It’s the last Friday of the month and you know what that means! It’s ᖇEᗩᗪ ᗩᖇOᑌᑎᗪ TᕼE ᖇᗩIᑎᗷOᗯ time!
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This month’s topic is…
Challenges of Writing LGBTQIA+ Characters in Various SubGenres
Though I’ve enjoyed reading stories from all the letters under the LGBTQIA+ umbrella, I’ve actually only written stories featuring the G and the B. Mostly G.
As for subgenres, I originally started writing exclusively in contemporary, which has its own challenges. Though it’s the world we live in, and we are therefore familiar with it—at least, we’re familiar with our own life experiences—it needs to accurately reflect a believable reality regardless of whether or not we’re including/featuring LGBTQIA+ characters.
On the plus side, there is a wide range of reality to draw from. Our characters can vary depending upon their life experiences: where the they grew up and their family situations and, of course, their basic personalities. Stories can feature LGBTQIA+ characters without the story being all about that fact. The drama can, but need not center on the fact the main characters fall under the rainbow umbrella.
One of my stories, Closets Are for Clothes, as the title might indicate, centered around a man coming out to his family. There are as many possible experiences for this as there are people in the world, so quite a bit of leeway.
In another of my stories, Cultivating Love, the fact the main characters are gay was again important to the story as they had to face some bigotry after moving to a small town (and in their past, which shaped their outlooks).
But in most of my stories, beyond the fact that the romantic interest was going to be another man, the fact that the main characters are gay or bi isn’t really central to the storyline. And this can be an accurate reflection of reality. At least, it needn’t be a standout factor in this story-worthy slice of their life.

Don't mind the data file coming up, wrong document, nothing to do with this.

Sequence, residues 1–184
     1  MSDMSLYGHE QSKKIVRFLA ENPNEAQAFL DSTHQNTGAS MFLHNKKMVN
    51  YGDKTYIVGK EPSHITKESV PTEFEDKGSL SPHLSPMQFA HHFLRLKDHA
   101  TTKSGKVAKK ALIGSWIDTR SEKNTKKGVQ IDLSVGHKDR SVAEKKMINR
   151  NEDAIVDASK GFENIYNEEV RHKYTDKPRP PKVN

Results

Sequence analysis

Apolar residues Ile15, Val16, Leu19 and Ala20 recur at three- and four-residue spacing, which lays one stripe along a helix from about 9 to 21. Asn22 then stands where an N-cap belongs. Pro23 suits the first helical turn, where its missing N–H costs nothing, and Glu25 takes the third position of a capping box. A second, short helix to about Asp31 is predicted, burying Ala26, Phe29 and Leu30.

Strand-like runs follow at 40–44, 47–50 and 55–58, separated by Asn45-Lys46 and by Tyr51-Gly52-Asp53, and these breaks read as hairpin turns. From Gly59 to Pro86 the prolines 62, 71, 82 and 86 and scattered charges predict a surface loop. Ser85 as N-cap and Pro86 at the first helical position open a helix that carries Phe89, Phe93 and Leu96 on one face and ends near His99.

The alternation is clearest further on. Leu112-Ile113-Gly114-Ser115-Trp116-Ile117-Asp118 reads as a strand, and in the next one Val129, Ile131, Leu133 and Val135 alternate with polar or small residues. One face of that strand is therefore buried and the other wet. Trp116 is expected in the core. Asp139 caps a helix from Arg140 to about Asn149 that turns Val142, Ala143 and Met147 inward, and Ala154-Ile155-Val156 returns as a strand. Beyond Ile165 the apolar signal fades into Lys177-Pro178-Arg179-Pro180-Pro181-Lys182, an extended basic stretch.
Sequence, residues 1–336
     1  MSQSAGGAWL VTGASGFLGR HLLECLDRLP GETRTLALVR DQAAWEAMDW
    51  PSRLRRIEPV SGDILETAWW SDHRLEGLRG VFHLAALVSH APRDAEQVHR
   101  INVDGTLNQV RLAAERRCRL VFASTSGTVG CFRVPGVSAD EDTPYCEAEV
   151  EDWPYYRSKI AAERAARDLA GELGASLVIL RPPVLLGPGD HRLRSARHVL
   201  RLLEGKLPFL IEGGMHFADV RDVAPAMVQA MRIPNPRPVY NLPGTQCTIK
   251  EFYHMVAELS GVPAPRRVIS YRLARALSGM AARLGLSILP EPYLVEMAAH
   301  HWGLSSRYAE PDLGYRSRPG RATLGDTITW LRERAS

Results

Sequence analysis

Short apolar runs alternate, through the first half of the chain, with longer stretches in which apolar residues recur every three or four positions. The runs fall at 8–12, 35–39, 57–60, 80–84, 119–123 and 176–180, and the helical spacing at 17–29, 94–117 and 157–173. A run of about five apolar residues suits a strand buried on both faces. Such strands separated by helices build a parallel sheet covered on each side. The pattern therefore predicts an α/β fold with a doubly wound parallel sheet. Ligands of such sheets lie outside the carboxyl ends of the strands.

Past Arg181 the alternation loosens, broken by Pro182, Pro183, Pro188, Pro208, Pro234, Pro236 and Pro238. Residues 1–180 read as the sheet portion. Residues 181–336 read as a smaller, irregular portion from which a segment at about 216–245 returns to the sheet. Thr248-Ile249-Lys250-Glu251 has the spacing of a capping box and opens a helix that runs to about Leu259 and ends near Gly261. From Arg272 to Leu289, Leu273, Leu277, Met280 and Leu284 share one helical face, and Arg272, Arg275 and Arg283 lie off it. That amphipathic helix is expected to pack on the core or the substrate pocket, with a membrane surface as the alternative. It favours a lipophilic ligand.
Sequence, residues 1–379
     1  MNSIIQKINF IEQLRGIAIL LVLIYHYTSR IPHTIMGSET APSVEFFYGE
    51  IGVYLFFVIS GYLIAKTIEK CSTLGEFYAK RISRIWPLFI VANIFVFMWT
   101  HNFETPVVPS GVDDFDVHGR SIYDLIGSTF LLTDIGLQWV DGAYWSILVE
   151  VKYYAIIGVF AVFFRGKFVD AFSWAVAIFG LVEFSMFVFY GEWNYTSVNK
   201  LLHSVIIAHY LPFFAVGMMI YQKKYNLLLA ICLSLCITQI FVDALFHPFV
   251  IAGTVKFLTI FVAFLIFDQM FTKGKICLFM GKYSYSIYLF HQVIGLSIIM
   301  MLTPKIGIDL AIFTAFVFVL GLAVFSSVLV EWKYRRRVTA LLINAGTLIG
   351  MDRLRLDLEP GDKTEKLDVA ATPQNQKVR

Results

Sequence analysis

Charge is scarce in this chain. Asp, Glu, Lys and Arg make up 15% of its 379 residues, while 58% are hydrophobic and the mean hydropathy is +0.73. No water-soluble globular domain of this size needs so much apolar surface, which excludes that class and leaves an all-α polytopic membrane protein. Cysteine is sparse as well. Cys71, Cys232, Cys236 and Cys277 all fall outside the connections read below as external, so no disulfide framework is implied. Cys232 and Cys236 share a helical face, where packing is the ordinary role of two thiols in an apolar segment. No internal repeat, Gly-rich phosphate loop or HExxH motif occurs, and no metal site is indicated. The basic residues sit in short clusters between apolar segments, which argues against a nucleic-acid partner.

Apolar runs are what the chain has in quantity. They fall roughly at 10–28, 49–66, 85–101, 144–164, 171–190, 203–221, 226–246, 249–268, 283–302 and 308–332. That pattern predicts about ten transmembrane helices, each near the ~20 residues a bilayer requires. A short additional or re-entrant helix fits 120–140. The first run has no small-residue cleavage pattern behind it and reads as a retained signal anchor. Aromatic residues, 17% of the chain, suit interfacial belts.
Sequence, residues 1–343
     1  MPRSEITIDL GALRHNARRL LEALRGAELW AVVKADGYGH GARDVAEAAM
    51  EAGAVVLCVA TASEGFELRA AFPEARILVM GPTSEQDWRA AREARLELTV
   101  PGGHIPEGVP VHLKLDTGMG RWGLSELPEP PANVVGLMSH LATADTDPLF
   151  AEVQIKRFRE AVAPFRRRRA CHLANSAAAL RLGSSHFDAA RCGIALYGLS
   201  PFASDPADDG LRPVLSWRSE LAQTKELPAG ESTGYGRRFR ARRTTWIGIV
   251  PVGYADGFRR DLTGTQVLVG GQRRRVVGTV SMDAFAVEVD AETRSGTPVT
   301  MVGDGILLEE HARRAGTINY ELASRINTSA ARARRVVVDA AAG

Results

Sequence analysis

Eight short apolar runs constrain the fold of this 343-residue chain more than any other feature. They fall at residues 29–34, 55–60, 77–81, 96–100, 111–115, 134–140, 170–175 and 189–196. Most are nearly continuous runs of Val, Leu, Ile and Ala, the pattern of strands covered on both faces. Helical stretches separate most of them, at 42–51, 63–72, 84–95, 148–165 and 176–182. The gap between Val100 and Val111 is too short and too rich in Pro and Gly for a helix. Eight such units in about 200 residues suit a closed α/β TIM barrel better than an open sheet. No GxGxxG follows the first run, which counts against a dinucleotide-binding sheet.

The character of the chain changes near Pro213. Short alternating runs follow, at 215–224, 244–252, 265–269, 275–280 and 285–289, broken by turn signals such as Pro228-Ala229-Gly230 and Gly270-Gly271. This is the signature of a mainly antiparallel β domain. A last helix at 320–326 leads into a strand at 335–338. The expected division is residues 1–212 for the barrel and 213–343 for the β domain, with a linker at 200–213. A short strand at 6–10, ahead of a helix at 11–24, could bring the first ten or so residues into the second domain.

Maybe that’s a reflection of my desire for that perfect-world scenario where a person’s sexual identity or gender just doesn’t matter. In reality, it’s bound to have helped shape the character into the person they are in some way, but that may or may not stand out as a driving force in the story at hand.
More recently, my writing has drifted toward creating mild paranormal and light fantasy worlds. My paranormal worlds are mild in that the settings have a contemporary feel, but oops…paranormal people exist that nobody outside of themselves knows about (and they don’t necessarily hit all the usual standards for their categories). My fantasy worlds are light in that they are settings that feel historical while being totally made up. There may or may not be unreal elements included therein. So far, I’ve featured some unrealistic potions, but no real magical powers or dragons, etc.
I think I’ve found myself drawn toward writing paranormal/fantasy because I can make up my own rules/attitudes for their societies. Even though there’s a lot of leeway in our contemporary world, it’s still somewhat limiting.
True historical? I love reading it, but I don’t think I’ll ever touch it with a ten foot pole as a setting for one of my stories. Too challenging for me to want to tackle even without the addition of the LGBTQIA+ perspective.
WEBRING ~ Read Around the Rainbow!
Be sure to flip through the webring to read your favorite authors’ takes on this topic! For your convenience, here are direct links to the other WebRing participants’ posts for this month’s topic: